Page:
At Huckentor already the bilberries - 'whorts' as we call them in Devon – are hanging out little pink Chinese lanterns. The berries will be even earlier than usual this year; maybe June, and no doubt I'll forget again.
|here - photo Beatrice Grundbacher|
Meditation and I have a longstanding, turbulent and at times dysfunctional relationship (though I admit the turbulence and dysfunction are all on my side). As a young hippy growing up in a pocket of surprisingly alternative rural North Devon – early Earth Fairs, squats and music, wholefood shops, small festivals and ashrams – I came across meditation as a teenager. It seemed to me to legitimise what I already did so well and at great length: daydreaming, only with a candle and/or mantram as focus I could call it 'spiritual' and feel nicely virtuous for doing what I loved doing.
My experience with Zen meditation came as a huge shock to me. As an undergraduate I rather timidly asked to visit the local sangha and join the zazen sesshin. First session: 6 or 8 very stern-seeming, serious and sober men, older than me and terrifyingly composed (never my forte), plus the most wonderful roshi, the Rev Hofuku Hughes who came up from the London Zen Priory every week to run a session. Hofuku, a full time monk, nonetheless worked part-time in a local car factory, was enormously insightful, and had a bellydeep laugh and a vast sense of humour. Because of him, I stayed for a term, but it was hard. Zen meditation as practised by that group involved 45 minutes to an hour of silent meditation, facing the wall, eyes open, and guided to do nothing other than follow the breath. This was followed by walking meditation, kinhan I think the term is (never been good at the labels), and then more open-eyed sitting.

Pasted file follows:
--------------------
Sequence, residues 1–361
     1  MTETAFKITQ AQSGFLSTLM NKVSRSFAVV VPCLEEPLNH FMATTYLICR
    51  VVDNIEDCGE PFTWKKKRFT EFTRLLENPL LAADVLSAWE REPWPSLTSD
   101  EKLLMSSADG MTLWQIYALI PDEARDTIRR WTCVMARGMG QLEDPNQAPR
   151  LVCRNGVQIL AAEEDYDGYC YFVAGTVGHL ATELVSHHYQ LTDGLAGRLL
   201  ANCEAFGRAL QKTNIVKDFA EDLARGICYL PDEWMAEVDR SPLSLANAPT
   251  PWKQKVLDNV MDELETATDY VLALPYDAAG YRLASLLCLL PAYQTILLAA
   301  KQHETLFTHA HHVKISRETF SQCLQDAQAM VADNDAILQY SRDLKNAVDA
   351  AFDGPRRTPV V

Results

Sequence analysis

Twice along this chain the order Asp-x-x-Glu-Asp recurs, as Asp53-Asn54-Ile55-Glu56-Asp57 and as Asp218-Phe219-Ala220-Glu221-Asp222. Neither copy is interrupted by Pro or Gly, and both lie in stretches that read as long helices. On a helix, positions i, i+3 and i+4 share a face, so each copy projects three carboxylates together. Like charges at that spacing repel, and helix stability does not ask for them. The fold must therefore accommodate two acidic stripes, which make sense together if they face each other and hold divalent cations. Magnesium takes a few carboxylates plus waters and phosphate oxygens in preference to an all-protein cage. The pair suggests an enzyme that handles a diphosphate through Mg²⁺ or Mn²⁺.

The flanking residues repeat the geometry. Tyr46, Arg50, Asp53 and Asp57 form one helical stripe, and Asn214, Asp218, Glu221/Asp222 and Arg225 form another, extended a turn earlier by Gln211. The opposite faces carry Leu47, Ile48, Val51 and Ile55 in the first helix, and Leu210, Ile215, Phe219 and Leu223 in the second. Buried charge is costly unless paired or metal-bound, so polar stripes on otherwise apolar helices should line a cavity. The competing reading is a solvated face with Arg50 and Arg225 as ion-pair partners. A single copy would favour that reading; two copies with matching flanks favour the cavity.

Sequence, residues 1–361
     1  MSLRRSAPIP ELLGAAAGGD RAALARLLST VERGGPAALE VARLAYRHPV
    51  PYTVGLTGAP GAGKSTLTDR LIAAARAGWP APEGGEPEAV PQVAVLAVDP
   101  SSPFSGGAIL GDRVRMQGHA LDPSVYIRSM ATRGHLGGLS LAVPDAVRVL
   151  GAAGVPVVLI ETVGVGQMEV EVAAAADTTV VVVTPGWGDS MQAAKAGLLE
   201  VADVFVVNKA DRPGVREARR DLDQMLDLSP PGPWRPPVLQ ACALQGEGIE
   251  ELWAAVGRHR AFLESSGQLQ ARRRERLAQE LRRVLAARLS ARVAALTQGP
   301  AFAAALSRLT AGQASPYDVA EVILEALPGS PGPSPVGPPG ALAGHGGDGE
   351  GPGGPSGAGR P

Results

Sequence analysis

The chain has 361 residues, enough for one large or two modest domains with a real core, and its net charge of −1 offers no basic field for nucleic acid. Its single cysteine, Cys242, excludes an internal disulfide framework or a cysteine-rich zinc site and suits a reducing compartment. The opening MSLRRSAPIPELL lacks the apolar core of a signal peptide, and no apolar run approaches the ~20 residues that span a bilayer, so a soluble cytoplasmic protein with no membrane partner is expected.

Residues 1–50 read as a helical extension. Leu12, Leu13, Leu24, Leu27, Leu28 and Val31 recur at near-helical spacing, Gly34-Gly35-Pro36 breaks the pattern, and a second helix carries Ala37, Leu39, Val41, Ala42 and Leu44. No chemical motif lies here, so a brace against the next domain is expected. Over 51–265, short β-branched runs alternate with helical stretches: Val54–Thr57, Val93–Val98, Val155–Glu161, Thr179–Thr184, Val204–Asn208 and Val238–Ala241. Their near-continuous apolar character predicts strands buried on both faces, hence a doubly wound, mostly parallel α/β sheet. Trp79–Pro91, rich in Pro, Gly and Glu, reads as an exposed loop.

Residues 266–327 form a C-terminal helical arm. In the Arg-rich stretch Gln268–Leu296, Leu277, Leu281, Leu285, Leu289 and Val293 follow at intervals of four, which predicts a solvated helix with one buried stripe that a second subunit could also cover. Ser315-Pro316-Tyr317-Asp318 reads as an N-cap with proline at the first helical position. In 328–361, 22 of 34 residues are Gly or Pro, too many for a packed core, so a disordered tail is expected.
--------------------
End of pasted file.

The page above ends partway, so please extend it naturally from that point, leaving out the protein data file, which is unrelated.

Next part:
This was a long way from my gentle visualisations.
I continued with my own path, a kind of mishmash added to by other spiritual practices, for many years on an erratic basis. Although by now I had realised that actually meditation wasn't just daydreaming and relaxation, I still mostly used a visualisation practice as the heart of it all. Then I started to feel that this was another way (for me) to avoid the core act of simple and unadulterated presence. I know that it's different for each of us, but for me I need a way that involves a kind of emptying to the present rather than filling; and for all these long years Zen has sat behind everything I do: saying nothing, not being exhibitionist or drawing attention to itself; simply being (of course).
When I came across Jon Kabat-Zinn's teachings on mindfulness I knew that here was also a homecoming. Kabat-Zinn, a doctor, uses mindfulness practice in his work (and has spawned a school of MBSR: mindfulness-based stress reduction; it has been shown over and over to be enormously effective in health and wellbeing). This is a very important aspect of it.